QUEST – Chapter One


The Boys of RDA #4
by Megan Matthews




San Francisco isn’t known for its sunny days, but a massive cloud has been hanging over my life since the night I met Grant Moore.

Darkness closes in and I resort to bargaining. “Get me through tonight without seeing Grant and I’ll never eat another Oreo again,” I promise the ceiling.

It doesn’t answer back.

“But only the regular ones. The birthday cake flavor is still on the table,” I renegotiate our deal.

The room is brightly lit, but shadows linger in each corner. In my mind they reach out for me like long distorted hands of an unknown beast. The action figures lined up in neat rows on the walls stare at us, their blank eyes tracking each movement. Well… for what it’s worth I’m pretty sure Hellboy is supposed to look demonic.

A loud tapping sound heralds the end to my privacy on the couch. Aspen barks out an order for no whip on her hot chocolate and I sigh, not ready to socialize. I squish my butt into the cushion of the orange couch hoping for it to swallow me up and then deposit me elsewhere. Far away from Cosmo’s Comics and Café and the ladies I’ve come to call the RDA girls. Luck is not on my side as Simone, the tall blue-eyed blonde happy member of the group plops down on the couch beside me.

There goes my plan of remaining unnoticed.

“Clare, I’m so glad you came.”

I’ve used many excuses over the last few months to get out of various RDA girl gatherings, but when it came time to bow out of tonight, my mind ran blank. The party to celebrate Aspen’s one-year anniversary of moving to San Francisco isn’t one I could miss. Aspen is too nice and the date too special. Even I’m not that cold-hearted.

“Yeah. I’m ecstatic,” I reply and put on my biggest fake smile.

Simone frowns. “Your expression says otherwise.”

“Oh this?” I circle my face with a single finger. “This is my over the moon face.”

“Don’t quote Veronica Mars to me.” She shakes her head, her eyes squinty. “I’m the one who made you watch it.”

I groan at her reminder. Veronica Mars is what happened the last time I couldn’t think of an excuse in time to bow out of a planned activity. I showed up for a simple Sunday brunch, which quickly turned into an ongoing Veronica Mars marathon. Do you have any idea how long it takes to watch three seasons and a movie with Aspen and Marissa constantly arguing over who’s cuter, Duncan or Logan?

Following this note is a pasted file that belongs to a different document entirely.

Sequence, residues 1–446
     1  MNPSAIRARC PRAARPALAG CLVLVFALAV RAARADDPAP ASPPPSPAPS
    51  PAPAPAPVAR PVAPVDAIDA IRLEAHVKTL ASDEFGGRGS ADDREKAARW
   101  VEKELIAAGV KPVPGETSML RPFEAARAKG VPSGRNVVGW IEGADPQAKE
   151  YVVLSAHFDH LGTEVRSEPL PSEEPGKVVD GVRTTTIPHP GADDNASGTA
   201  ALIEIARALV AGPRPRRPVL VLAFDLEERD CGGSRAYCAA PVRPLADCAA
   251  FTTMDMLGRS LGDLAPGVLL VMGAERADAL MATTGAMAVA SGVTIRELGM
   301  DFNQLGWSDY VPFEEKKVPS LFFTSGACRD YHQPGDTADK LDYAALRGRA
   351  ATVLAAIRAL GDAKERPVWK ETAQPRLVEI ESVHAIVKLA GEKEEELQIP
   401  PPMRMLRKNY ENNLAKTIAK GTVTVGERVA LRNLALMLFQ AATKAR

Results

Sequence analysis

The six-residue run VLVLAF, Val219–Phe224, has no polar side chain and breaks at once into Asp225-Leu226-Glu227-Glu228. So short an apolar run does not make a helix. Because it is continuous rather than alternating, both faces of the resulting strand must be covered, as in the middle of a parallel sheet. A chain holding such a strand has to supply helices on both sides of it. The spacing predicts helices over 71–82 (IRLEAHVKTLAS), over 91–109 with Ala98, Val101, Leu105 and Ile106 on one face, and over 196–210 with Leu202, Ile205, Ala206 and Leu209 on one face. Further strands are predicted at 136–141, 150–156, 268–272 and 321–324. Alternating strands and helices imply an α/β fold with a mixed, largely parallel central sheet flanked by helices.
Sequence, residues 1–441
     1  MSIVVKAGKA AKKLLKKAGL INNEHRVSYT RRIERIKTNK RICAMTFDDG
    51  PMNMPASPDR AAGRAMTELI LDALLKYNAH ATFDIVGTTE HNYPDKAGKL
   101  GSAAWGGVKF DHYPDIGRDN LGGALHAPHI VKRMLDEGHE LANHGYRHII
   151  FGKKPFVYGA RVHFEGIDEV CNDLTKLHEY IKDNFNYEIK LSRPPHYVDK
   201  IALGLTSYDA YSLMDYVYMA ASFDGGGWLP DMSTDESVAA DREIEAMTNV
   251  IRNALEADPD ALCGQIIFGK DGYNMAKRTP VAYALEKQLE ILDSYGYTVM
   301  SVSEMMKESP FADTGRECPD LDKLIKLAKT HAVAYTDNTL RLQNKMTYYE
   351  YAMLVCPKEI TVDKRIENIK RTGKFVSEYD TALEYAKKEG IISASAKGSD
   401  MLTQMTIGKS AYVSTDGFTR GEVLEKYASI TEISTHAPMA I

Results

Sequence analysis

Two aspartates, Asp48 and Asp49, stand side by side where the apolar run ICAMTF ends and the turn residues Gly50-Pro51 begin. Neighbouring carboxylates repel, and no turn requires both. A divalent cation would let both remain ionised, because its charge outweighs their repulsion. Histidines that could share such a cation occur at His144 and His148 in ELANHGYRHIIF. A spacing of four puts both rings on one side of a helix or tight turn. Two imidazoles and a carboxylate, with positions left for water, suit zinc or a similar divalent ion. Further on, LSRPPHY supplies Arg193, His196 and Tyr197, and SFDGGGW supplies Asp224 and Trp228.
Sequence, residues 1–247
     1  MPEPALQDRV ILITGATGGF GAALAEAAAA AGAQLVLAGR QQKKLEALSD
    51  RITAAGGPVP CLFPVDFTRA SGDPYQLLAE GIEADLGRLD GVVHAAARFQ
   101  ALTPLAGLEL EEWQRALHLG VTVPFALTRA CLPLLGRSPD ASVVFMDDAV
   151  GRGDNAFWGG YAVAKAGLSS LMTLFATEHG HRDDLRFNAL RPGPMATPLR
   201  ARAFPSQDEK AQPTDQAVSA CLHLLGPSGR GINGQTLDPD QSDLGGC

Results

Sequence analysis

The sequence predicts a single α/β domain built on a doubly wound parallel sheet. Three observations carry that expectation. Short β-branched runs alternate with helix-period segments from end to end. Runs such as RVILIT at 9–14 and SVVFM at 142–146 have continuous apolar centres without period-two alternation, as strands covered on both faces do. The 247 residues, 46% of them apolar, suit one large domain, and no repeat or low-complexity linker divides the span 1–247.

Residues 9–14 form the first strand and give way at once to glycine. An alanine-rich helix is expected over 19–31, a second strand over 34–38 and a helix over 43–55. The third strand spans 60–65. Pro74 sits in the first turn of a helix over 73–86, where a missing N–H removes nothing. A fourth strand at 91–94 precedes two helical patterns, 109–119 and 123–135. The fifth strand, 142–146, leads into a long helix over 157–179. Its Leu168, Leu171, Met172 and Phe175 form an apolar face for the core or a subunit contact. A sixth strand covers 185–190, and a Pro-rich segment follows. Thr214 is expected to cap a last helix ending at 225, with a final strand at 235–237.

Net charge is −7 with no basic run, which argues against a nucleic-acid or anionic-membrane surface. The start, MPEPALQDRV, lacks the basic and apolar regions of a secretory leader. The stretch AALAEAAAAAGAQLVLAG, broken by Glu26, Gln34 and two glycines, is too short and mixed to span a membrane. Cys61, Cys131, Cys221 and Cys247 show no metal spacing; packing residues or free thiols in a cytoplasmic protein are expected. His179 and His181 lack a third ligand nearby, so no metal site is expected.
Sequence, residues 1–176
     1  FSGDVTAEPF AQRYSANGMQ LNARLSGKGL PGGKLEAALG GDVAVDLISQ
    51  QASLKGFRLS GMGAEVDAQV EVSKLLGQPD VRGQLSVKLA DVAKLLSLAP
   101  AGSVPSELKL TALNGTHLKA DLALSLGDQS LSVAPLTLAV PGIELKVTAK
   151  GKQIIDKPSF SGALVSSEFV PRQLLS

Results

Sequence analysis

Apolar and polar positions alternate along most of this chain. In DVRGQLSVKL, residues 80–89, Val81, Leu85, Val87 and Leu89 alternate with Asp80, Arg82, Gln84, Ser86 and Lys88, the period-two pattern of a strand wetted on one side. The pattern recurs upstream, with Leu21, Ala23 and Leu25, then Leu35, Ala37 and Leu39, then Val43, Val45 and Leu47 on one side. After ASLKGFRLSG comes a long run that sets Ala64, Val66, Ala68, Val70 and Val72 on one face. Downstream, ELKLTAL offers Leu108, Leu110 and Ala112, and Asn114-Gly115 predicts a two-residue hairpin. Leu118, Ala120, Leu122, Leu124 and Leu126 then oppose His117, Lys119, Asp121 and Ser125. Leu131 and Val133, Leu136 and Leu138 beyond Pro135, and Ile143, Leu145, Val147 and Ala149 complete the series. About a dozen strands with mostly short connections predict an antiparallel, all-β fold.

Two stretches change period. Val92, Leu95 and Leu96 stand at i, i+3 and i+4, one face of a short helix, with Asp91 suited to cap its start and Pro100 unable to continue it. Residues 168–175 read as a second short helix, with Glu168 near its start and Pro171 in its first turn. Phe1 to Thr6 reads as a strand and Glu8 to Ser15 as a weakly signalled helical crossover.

Duncan obviously.

Somehow every event one of the RDA girls plans has a habit of turning into an all-day excursion. It’s like magic. But black magic that makes my mission to avoid Grant harder and harder with every turn. In order to watch Veronica Mars without a Grant interruption I continuously thought of meeting places I wouldn’t expect one or more of the guys to show up. Trust me, it’s harder than it sounds.

There’s an entire process to this whole avoidance game. I’ve spent a lot of time and energy dodging Grant Moore the last two months. It wasn’t easy. Fake meetings, work emergencies, and faux illnesses. Once I had the flu… in May. I’m pretty sure no one bought it, but I was desperate. It’s a known fact; desperate people… think of horrible excuses.

I’m sure Grant’s a nice guy, but there’s an unwritten agreement when you have a one-night stand — you don’t have to see them again. Two months ago after consuming more alcohol than an elephant at a kegger, I threw caution to the wind and had a very… productive one-night stand with Grant. The sex was off the charts hot, but I didn’t consider the fact I don’t do rich guys and he’s a founding member of the RDA group. A group that is hell bent on adding me as a new initiate regardless of how many times I try to blow them off.

Marissa twists her long brown hair into a messy bun and sits on the couch across from us. “Word on the street is Grant will stop by later, but we got your back, Clare.”

“Exactly. I don’t care who the guy is. No one has a one-night stand with one of us and doesn’t call her again,” Simone says patting me on the knee.

“That is the definition of a one-night stand.” I leave out the part where I’m the one who bailed on Grant. I’m ashamed enough that I, Clare Cunningham, slept with a rich guy. I don’t want to keep hearing reminders.

In my defense the topic never came up officially in conversation. The girls assumed Grant never called me and that’s why I’ve been cagey and concerned with being in the same room as him. From his past behavior of forgetting the names of women he slept with, it’s a logical jump for them to make. Which is reason number 398 why I do not belong with Grant Moore.